runtests-1

   @Test
    public void testPushElement() {
        MStack stack = new MStack();
        stack.push("First element");
        assertEquals(1, stack.size());
    }

Add the push method and run the test to see them fail:

junit.framework.AssertionFailedError: expected:<1> but was:<0>
	at org.bserban.tdd.StackTest.testPushElement(StackTest.java:16)
	at sun.reflect.NativeMethodAccessorImpl.invoke0(Native Method)

 

Now write the simplest code that make the code pass the tests, remember the rules!

Add code on red, delete code on green!

class MStack {
    private boolean elementAdded;
    public int size() {
        if (elementAdded) {
            return 1;
        }
        return 0;
    }
    public void push(String element) {
        elementAdded = true;
    }
}
Run the tests:
Process finished with exit code 0

The code above could look stupid but this is the essence of the test driven design, remember experience programmers have a lot to forget :-), they are not willing to code in such manner until the see the true benefit of such approach. The problem we choose is trivial and for people with experience this way to code sounds silly. I’ll add two new asserts that make the code fail the tests.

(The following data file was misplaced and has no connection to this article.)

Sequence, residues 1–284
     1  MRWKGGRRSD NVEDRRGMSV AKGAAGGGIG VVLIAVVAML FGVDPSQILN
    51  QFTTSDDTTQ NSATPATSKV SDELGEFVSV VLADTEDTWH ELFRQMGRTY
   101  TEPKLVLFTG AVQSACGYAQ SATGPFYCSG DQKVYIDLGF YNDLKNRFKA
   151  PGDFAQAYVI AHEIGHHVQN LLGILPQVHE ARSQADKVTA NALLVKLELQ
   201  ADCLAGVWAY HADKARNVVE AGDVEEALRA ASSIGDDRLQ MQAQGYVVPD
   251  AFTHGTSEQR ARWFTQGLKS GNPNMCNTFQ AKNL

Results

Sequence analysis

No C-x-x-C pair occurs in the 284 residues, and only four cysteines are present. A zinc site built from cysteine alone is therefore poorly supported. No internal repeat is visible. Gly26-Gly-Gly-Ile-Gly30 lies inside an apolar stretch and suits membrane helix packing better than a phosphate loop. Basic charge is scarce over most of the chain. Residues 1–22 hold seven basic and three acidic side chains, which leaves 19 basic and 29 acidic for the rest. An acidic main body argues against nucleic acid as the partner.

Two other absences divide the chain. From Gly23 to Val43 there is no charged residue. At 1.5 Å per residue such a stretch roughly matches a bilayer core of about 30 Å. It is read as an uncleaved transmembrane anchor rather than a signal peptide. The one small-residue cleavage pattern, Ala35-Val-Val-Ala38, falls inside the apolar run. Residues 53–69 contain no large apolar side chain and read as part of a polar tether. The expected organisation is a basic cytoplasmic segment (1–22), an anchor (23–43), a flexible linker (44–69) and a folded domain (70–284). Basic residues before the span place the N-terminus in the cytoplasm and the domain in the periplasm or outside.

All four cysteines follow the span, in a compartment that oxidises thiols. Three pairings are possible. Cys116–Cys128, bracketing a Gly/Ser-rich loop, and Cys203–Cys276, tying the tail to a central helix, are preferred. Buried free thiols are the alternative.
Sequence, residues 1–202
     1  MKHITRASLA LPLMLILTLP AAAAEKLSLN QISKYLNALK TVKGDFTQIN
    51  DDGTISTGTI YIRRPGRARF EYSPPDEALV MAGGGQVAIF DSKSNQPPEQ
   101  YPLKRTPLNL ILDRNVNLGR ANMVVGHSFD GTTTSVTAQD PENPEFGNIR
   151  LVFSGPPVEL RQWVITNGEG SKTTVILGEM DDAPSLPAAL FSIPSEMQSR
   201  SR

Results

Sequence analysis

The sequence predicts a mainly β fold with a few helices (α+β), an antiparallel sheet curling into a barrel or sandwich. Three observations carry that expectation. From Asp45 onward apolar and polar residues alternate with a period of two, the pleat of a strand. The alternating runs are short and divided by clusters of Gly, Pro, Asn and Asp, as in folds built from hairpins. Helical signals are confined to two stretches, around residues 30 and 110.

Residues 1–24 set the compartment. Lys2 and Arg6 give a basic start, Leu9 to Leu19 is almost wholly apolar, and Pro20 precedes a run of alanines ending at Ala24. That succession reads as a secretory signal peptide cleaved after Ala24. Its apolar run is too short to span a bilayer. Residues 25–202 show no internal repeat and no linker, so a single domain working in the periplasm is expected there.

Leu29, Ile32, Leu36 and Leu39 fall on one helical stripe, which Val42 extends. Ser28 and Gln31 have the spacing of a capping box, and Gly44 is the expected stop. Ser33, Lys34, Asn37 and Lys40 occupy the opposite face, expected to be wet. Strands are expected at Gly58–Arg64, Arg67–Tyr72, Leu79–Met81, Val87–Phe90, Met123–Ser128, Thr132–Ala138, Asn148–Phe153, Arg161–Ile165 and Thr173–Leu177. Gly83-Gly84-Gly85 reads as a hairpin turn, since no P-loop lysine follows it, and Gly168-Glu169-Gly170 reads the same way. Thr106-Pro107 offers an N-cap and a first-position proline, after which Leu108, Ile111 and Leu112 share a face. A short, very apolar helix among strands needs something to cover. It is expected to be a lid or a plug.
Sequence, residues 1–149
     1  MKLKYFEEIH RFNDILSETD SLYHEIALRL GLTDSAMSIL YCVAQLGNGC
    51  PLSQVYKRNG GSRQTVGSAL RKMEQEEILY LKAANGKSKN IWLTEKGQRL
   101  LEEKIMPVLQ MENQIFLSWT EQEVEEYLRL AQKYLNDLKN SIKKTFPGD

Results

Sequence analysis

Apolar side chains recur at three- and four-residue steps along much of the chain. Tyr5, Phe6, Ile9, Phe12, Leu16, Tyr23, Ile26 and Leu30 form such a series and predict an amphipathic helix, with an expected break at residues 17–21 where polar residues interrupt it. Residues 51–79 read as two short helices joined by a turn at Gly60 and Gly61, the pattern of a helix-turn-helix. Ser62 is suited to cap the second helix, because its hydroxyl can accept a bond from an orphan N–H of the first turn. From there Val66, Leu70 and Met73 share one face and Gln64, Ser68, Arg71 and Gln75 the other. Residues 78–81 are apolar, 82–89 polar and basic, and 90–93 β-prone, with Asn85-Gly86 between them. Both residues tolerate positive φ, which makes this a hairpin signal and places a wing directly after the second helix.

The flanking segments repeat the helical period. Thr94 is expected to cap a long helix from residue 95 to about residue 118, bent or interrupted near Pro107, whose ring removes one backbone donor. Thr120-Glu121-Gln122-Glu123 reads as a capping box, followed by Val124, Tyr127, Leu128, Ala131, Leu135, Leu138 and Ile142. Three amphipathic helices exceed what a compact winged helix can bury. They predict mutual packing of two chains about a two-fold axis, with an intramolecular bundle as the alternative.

@Test
    public void testPushElement() {
        MStack stack = new MStack();
        stack.push("First element");
        assertEquals(1, stack.size());
        stack.push("Second element");
        assertEquals(2, stack.size());
        stack.push("Third element");
        assertEquals(3, stack.size());                
    }

Process finished with exit code -1

junit.framework.AssertionFailedError: expected:<2> but was:<1>
	at org.bserban.tdd.StackTest.testPushElement(StackTest.java:19)
	at sun.reflect.NativeMethodAccessorImpl.invoke0(Native Method)

Remember, don’t delete the existing code on red:

class MStack {
    private boolean elementAdded;